Caner Gives New Life to Family Treasures

Nancy Rafal is best known in Door County as a poet – she was, in fact, its fourth poet laureate. She’s also been part of the leadership of the Wisconsin Fellowship of Poets and the Wisconsin Writers Association, serves as a “clearinghouse” for other Door County poets, taught poetry at The Clearing and was instrumental in creating and maintaining Newport State Park’s Poetry Trail.

“Poetry,” she said, “has filled my life,” and her words in free verse give new perspective to everyday thoughts and occurrences.

But to many people in and well beyond Door County – throughout the state, U.S. and Canada – Rafal is also known as an experienced chair caner. It’s a skill often associated with a long-gone era, but she’s quick to point out that it’s not a lost art.

Chairs with a seat that curves up in the back are a challenge to the caner. Submitted.

Caning is a multi-step process involving weaving moistened cane strips back and forth between the holes on the edges of the seat opening, first back to front, then side to side, then back to front again. Next, the caner threads cane from one side to the other, passing over the cane from Step 3 and under the cane from Step 1. After the strands running in both directions are pushed into double pairs, the caner weaves diagonally from the right in a specific pattern, then from the left. The result is a weave with hexagonal openings. Then the caner finishes with a spline: a woven strand that covers the holes.

Caning seems like a craft that might be passed down from generation to generation, but not in Rafal’s case. About 40 years ago, when she and her husband, Harry, were living in Glen Ellyn, Illinois, they bought a bedroom set with a cane insert in the headboard and decorative caning on the dresser. “I thought that was so cool,” she said.

But Rafal wasn’t hooked yet. Although there was a caning shop nearby, she visited it just once to buy a piece of sheet cane to insert in a table.

Harry died in November 2000, six years after the Rafals had retired and moved to Door County. The next month, a friend Rafal was visiting in Illinois took her to see a woman who sold antiques from her DeKalb home. There, waiting for her, was a chair that said, “Cane me, cane me.”

By January, after removing the ebonizing stain on her purchase and its damaged cane seat, Rafal had enrolled in a caning class at The Clearing taught by Arvid Munson. After two more years of classes, she was invited to be his co-teacher. 

“I really liked caning when I saw it,” Rafal said, “and when I had the opportunity to learn how to do it, I really connected.” Caning, by the way, was first offered at The Clearing in 1976 and is among its longest-running classes. 

Asked whether caning is difficult to learn, Rafal said, “Like any skill, it depends on the person’s background. I find it relaxing and meditative – like knitting, which I also enjoy. But some people get a deer-in-the-headlights look and never feel comfortable with it. They may finish Grandma’s chair in the class, but they won’t do it again.”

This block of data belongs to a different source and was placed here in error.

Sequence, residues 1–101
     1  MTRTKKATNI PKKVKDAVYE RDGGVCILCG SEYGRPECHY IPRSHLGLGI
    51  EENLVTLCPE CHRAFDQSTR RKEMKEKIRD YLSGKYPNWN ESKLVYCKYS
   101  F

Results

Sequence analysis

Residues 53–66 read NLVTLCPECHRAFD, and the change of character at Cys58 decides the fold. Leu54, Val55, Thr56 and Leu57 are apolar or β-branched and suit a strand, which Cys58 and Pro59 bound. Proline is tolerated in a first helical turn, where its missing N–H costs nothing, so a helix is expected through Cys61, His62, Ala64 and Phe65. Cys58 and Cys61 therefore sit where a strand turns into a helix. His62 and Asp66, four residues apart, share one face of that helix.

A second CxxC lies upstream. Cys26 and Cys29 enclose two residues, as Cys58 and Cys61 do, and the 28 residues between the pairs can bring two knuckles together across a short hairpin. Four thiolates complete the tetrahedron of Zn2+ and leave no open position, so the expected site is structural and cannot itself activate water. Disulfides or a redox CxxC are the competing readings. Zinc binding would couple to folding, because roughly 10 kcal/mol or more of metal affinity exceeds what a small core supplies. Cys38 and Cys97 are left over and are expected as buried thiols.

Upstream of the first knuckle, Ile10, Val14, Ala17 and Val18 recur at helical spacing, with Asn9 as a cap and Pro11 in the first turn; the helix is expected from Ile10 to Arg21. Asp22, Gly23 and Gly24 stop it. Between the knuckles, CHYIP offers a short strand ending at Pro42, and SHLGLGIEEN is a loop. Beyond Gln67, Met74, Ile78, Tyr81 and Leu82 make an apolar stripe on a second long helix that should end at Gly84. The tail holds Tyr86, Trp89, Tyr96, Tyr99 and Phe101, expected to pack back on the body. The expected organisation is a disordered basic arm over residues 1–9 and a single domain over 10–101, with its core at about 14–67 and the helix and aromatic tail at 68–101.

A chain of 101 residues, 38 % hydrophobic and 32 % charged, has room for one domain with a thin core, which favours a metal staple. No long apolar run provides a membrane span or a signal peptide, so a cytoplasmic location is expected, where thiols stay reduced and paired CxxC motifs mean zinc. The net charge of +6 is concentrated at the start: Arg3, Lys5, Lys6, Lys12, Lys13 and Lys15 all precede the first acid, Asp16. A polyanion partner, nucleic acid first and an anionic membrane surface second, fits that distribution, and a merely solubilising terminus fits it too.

The SeatWeavers’ Guild, a chair-caning association with members from the U.S. and Canada, formed in 2007. Rafal joined the following year, has attended about half of its annual conferences since then at various history-rich locations, and hosted the 2012 conference at Old World Wisconsin. About a quarter of the 200 members attended, and each of them caned a chair for Old World Wisconsin.

“The conferences are popular,” Rafal said, “because even if you’ve been caning for a long time, you always learn something. For example, at the last one I attended, I learned a new technique so I don’t have so many knots under the bottom of the seat.”

Rafal uses real cane: a vine that grows wild in the forests and jungles of Indonesia. It hasn’t been domesticated, and as the forested areas are being eliminated, it’s becoming more scarce. Some caners – but not Rafal – substitute synthetic plastic cane. She also does rushing, a technique similar to caning that uses fiber rushing rather than real bulrushes, which are enormously difficult to work with.

This “before” photo shows the seat from a canoe built in 1945. The “after” photo shows how it looked after Rafal recaned it in 2008. Submitted.

Rafal said she’s not as fast now as she was during the long-ago winter when she caned ten chairs and a half-dozen rush pieces, but she’s traded speed for skill and still enjoys doing custom work for clients. 

And what became of that chair from DeKalb that she caned nearly 20 years ago? 

“An experienced caner judges work by the edges,” Rafal said. “That chair wouldn’t pass inspection by me now, but I still keep it as my desk chair for sentimental reasons.

“An assignment I’d love to have?” she asked. “The Milwaukee Art Museum has a fabulous French chaise lounge with really long strands of cane, probably from the 1800s. My fantasy is that they’ll call me to recane it.”

And, lest anyone think her interests are limited to poetry and caning, for the past 40 years, Rafal’s been collecting pop-up books, which now fill ten large totes. Last month she had a great time at the national convention of the Moveable Book Society in Denver.